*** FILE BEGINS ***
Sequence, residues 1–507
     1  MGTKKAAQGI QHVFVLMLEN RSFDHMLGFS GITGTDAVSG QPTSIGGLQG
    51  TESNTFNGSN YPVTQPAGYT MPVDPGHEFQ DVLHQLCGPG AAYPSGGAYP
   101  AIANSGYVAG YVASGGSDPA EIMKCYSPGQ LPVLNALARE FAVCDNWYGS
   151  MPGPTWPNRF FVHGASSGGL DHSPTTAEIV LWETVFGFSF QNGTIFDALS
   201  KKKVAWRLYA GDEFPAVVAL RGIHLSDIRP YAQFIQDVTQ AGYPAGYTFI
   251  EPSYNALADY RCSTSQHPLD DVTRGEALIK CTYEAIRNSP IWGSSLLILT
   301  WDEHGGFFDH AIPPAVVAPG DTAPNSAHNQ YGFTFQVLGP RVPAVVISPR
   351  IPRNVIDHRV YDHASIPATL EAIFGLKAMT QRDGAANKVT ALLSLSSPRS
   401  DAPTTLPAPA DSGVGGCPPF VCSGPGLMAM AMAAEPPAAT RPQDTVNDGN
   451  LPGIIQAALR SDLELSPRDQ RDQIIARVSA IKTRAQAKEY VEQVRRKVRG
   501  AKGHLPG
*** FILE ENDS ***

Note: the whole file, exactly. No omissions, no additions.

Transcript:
Sequence, residues 1–507
     1  MGTKKAAQGI QHVFVLMLEN RSFDHMLGFS GITGTDAVSG QPTSIGGLQG
    51  TESNTFNGSN YPVTQPAGYT MPVDPGHEFQ DVLHQLCGPG AAYPSGGAYP
   101  AIANSGYVAG YVASGGSDPA EIMKCYSPGQ LPVLNALARE FAVCDNWYGS
   151  MPGPTWPNRF FVHGASSGGL DHSPTTAEIV LWETVFGFSF QNGTIFDALS
   201  KKKVAWRLYA GDEFPAVVAL RGIHLSDIRP YAQFIQDVTQ AGYPAGYTFI
   251  EPSYNALADY RCSTSQHPLD DVTRGEALIK CTYEAIRNSP IWGSSLLILT
   301  WDEHGGFFDH AIPPAVVAPG DTAPNSAHNQ YGFTFQVLGP RVPAVVISPR
   351  IPRNVIDHRV YDHASIPATL EAIFGLKAMT QRDGAANKVT ALLSLSSPRS
   401  DAPTTLPAPA DSGVGGCPPF VCSGPGLMAM AMAAEPPAAT RPQDTVNDGN
   451  LPGIIQAALR SDLELSPRDQ RDQIIARVSA IKTRAQAKEY VEQVRRKVRG
   501  AKGHLPG